Is it ADD/ADHD or Sleeping Difficulties?

  • Written by Roxanne Fernandez, MOT, OTR/L, Occupational Therapist at BPandHT
“Forgetfulness, struggling to pay attention in school, aggression — it may sound like textbook attention deficit hyperactivity disorder (ADHD). Turns out those are also the signs of certain sleep problems, according to research from the New England Center for Pediatric Psychology.  In a recent study, children who had no set bedtime or sometimes slept in their parents’ bed were eight times more likely to exhibit symptoms that mimic those of ADHD. When these behaviors were corrected, the problems went away in two to three weeks in kids who didn’t actually have the disorder.”

–Article from Family Circus  Magazine

Many parents ask the important question of whether their child’s sleeping difficulties may be contributing to his/her behaviors. The answer is, DEFINITELY! According to research, it is important for children 5 to 12 years of age to get at least 9 hours of sleep a night for optimal functioning in their day.  Kids under 5 need more than 9 hours of sleep.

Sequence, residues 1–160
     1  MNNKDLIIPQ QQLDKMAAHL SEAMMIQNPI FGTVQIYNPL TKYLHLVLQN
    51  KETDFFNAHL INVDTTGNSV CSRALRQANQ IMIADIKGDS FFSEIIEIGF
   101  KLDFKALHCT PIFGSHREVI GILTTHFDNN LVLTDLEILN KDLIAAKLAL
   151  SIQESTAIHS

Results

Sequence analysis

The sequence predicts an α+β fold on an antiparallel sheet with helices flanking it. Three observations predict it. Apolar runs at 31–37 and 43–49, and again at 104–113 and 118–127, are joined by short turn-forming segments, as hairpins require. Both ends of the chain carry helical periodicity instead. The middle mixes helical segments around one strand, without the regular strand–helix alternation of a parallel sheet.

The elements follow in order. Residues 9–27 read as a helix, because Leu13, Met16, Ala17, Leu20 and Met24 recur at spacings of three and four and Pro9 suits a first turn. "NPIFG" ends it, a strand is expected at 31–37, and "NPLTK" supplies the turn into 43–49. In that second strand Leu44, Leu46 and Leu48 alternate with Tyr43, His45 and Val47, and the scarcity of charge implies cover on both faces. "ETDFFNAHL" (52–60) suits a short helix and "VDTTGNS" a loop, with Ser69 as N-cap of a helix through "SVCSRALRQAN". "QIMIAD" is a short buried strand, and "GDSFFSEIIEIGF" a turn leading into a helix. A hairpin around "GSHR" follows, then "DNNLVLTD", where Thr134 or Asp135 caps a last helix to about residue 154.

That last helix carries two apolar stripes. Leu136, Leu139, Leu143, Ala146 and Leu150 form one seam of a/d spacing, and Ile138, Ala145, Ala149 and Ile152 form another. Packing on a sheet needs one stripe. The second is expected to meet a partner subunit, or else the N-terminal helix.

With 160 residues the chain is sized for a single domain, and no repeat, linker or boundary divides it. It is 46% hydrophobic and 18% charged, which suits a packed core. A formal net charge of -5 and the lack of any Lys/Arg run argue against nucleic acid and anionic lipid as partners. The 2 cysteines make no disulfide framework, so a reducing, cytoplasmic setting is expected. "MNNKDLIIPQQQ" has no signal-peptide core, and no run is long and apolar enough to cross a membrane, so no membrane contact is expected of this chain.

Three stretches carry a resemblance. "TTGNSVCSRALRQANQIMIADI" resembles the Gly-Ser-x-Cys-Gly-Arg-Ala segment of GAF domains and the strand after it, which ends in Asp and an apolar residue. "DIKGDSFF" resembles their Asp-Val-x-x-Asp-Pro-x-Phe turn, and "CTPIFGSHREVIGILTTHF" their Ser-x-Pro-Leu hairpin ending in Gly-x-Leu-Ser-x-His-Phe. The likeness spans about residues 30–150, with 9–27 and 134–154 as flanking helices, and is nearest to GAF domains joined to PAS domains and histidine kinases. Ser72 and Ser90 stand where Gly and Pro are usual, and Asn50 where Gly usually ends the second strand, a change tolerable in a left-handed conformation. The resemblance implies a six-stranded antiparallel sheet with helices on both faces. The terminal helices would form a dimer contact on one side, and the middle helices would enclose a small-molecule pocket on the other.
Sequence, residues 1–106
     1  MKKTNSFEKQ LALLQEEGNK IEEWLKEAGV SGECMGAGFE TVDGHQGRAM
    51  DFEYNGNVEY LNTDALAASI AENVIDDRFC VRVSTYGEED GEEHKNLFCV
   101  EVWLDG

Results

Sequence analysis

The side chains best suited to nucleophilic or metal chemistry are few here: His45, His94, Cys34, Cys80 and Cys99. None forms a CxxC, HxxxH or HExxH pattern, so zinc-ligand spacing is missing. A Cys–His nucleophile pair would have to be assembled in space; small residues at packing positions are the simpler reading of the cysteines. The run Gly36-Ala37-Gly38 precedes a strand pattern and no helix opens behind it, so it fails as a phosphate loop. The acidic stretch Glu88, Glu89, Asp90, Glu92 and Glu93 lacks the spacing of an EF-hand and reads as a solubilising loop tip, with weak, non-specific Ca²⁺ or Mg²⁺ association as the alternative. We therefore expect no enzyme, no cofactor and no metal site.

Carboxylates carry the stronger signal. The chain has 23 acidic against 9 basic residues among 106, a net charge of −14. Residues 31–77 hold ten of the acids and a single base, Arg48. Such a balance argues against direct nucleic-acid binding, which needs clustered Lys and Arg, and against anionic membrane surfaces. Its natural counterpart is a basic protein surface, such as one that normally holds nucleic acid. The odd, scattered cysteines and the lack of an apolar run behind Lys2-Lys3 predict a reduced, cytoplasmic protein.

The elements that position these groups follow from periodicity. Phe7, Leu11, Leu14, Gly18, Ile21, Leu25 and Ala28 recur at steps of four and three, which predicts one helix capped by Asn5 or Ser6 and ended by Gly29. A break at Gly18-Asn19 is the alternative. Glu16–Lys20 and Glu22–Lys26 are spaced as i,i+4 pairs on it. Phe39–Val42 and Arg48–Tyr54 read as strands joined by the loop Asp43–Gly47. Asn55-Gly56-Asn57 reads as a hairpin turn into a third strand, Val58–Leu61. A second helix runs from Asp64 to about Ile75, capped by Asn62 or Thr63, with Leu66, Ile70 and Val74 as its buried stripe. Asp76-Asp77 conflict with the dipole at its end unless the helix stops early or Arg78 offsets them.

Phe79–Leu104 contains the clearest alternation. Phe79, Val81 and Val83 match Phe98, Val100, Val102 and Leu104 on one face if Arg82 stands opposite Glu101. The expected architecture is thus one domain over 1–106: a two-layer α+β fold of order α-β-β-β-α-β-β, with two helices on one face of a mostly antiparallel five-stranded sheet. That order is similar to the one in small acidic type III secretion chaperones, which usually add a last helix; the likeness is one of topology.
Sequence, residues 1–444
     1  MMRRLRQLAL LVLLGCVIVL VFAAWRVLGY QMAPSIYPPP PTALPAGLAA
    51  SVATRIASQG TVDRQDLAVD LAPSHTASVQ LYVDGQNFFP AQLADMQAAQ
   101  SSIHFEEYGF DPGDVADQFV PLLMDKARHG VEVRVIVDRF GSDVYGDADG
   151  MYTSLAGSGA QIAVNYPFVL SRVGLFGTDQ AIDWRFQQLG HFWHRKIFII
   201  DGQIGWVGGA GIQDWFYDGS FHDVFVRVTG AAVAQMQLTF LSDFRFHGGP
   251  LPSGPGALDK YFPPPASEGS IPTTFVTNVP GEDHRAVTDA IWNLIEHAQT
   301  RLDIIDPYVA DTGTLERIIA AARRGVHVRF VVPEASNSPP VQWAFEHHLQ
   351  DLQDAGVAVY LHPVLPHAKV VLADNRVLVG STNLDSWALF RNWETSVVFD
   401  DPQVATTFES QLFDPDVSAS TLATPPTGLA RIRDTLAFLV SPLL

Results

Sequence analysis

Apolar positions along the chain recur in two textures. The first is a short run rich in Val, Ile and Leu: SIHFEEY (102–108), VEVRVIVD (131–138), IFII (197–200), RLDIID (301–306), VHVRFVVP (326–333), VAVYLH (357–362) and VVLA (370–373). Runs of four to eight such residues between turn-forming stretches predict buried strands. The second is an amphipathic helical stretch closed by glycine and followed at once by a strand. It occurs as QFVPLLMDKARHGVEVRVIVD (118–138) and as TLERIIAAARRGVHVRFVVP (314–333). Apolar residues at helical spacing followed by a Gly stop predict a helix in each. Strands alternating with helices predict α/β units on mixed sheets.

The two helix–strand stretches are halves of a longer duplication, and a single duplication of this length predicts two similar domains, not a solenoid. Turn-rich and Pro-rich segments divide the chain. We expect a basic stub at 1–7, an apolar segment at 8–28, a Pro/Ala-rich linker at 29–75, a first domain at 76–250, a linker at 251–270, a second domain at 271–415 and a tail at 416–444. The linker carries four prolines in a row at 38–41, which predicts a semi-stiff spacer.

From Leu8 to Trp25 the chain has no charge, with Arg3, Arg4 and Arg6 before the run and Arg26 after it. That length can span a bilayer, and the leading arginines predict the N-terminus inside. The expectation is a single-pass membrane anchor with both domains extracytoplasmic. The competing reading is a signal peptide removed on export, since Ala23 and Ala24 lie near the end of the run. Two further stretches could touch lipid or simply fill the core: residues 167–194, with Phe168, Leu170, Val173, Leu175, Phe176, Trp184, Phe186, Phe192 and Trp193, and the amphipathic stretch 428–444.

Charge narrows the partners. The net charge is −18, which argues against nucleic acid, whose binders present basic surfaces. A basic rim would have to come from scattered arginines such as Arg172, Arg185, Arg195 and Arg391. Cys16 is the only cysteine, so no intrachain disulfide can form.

Inform your doctor if your child has a hard time falling or staying asleep.  Also, let your occupational therapist know if sleeping is an issue for your child.  They can provide suggestions on finding calming strategies for your child and assist in creating a routine for bedtime. A bedtime routine is critical to helping your child wind down, preparing his/her body and mind for sleep.

How do you know if your child is getting enough sleep? If waking him/her up in the morning is a battle, then your child may be going to bed too late or may not be sleeping through the night.

General recommendations:

• 30 minutes of quiet activity prior to sleeping helps with winding down.

• No screen time 30 minutes prior to bedtime (no TV, video or computer games, cell phone texting, etc.).

• Keep your child’s bedroom cool and low lit or dark.

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